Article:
Editor’s note: the following piece was written by a charter school teacher whose request for anonymity I honored. Leave comments or email them to me at email@example.com and I’ll pass them along. JCB
How my charter network’s advocacy hurts more kids than it helps…
Last year I made the agonizing decision to leave my urban public school and take a job at a charter school that is part of a highly-regarded network. I loved my students and the community at my former school, but after a tumultuous year spent battling a hostile administration, I knew I had to leave. About two months into work, and now at the beginning of the school year, I’m convinced that I’ll become a much stronger teacher as a result of the feedback, support and coaching I’m getting at my new school. What I’m far less comfortable with, though, is the role that my charter network plays in the larger charter-school movement.
A deeply troubling movement
My network’s contributions to a deeply troubling charter-school movement, both nationally and at the state level, have been substantial. Speaking concretely, the charter movement has produced multiple low-performing schools for each high-performing school it’s produced. Many of these struggling schools stay open for several years, and more get their charters renewed than they should. The charter authorization process is hardly democratic, which is deliberate. Some non-profit-run charters have become cash cows for education corporations and consulting groups, even as the schools mis-educate and underserve kids.
Meanwhile, many of the high-performing schools are so driven to be defined as *high-performing* by the narrow metrics the movement and, increasingly, we as a country endorse, that they achieve their success through astonishingly high attrition and an obsession with compliance. There is also the uncomfortable reality that a movement that advocates for charter schools for students of color, is overwhelmingly white-led and often profoundly paternalistic.
Still, I’m inclined to be forgiving of my network. On the whole, they are doing a relatively good job by students, their families, and the communities the schools serve. My school specifically is doing great things for our kids, sticking by even the most troubled and challenging, which gives me hope. And the network seems genuinely and deeply committed to learning to do better––even at the expense of test scores, at least for now. What I’m less forgiving of is the choice to be willfully ignorant regarding the impact their advocacy has had on kids who’ve attended the horrendous charter schools the movement has manufactured, or who’ve been left behind in increasingly resource-starved and competition-driven public schools. My network clearly advocates with the best of intentions for policies that will allow them to serve greater numbers of kids. But they seem oblivious to or uninterested in the fact that the majority of students won’t end up in their system or systems like it but in other, often far worse places.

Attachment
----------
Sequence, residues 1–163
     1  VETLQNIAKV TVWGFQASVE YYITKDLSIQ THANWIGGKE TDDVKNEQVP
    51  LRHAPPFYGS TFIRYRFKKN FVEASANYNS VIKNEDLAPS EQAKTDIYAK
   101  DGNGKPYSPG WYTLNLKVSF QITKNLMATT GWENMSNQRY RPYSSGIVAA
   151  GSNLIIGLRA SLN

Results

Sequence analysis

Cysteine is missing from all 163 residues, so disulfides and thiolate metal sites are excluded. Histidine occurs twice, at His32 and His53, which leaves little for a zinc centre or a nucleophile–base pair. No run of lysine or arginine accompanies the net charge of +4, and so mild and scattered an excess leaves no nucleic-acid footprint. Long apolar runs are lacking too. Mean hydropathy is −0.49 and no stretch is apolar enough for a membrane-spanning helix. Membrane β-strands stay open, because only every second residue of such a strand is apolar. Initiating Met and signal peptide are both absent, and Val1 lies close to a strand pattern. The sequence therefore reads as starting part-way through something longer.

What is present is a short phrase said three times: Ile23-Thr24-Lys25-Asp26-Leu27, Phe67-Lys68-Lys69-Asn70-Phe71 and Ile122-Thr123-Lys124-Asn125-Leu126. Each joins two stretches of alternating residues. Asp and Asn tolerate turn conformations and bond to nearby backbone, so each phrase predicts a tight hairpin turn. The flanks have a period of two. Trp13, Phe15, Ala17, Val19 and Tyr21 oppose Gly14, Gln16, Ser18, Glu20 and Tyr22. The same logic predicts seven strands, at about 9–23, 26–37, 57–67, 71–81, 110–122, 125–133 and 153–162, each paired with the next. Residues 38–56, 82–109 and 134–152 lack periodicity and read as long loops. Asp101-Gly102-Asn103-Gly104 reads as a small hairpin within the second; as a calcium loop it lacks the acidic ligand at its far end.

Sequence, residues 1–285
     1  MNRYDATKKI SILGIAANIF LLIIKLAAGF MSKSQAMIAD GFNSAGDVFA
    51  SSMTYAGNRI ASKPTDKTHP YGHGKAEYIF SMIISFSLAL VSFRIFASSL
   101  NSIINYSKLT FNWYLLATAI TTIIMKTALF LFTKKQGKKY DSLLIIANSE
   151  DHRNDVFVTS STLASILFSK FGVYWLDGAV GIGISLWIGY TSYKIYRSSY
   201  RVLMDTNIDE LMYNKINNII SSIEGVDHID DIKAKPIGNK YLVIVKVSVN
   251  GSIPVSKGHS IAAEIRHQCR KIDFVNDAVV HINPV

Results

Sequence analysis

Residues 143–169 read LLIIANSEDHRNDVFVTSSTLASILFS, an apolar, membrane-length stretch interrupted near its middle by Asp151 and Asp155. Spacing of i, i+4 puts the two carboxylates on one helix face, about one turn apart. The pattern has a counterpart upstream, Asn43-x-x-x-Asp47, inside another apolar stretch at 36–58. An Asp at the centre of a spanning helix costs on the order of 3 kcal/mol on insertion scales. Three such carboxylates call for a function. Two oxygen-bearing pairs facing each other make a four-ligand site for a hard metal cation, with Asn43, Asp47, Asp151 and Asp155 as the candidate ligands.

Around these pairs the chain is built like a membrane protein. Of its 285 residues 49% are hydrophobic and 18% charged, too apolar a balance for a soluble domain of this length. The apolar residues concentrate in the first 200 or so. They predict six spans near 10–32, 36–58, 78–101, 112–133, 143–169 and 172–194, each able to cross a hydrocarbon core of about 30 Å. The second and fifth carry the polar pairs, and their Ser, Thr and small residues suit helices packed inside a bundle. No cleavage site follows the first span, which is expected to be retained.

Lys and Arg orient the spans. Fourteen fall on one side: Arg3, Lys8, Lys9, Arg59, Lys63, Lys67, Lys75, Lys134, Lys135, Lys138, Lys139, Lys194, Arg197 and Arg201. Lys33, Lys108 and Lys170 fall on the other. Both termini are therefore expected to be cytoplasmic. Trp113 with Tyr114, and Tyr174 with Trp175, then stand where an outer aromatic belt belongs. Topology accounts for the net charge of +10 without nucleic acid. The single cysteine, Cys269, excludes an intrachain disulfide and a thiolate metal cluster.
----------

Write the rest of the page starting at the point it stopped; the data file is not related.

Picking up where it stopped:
What I’m less forgiving of is the choice to be willfully ignorant to the impact their advocacy has had on kids who’ve attended the horrendous charter schools the movement has manufactured, or who’ve been left behind in increasingly resource-starved and competition-driven public schools.
For a movement that claims to be all about data, there are numbers that are noticeably absent from the conversation. How many kids have attended low-performing charters? How many have been expelled from or pushed out of the high performers? Reformers will likely employ a familiar platitude in response: Charters are far from perfect, but we should be celebrating their successes; lest we forget when there was no alternative to the failing neighborhood public schools in poverty-stricken areas. To some degree, this argument is compelling because it is rooted in truth––narrow as its definition of *success* may be. But while education may not be a zero-sum game, it is certain that whatever overall increase in test scores charter schools have helped produce has come at a cost.
The kids left behind
This burden, which has come in many forms, has almost always fallen on the kids and families who were left behind: in having their neighborhood school boarded up and being forced to commute across the city to a school that serves them no better or worse; in being told that *this school may not be the best fit* for them and receiving calls and texts for every little misbehavior until they feel so unwelcome and exhausted that they’re convinced it isn’t worth it anymore; in being reminded that they can *vote with their feet* when they fight to be better served by their schools. These experiences are all too real and common.
Which raises an important and heartbreaking question: Why must whatever *progress* society makes for kids of color be secured on the backs of other kids of color? That, unfortunately, is a question I’m not sure we as a society are willing to ask, let alone answer.
In moving to a school in hopes of becoming a much better teacher and learning how great schools are run, have I become complicit in a movement that is making things worse for the kids I left behind?
There’s another question I’m grappling with these days as I try to reconcile my conflicting feelings about a school I believe in and the larger charter movement I don’t. In moving to a school in hopes of becoming a much better teacher and learning how great schools are run, have I become complicit in a movement that is making things worse for the kids I left behind?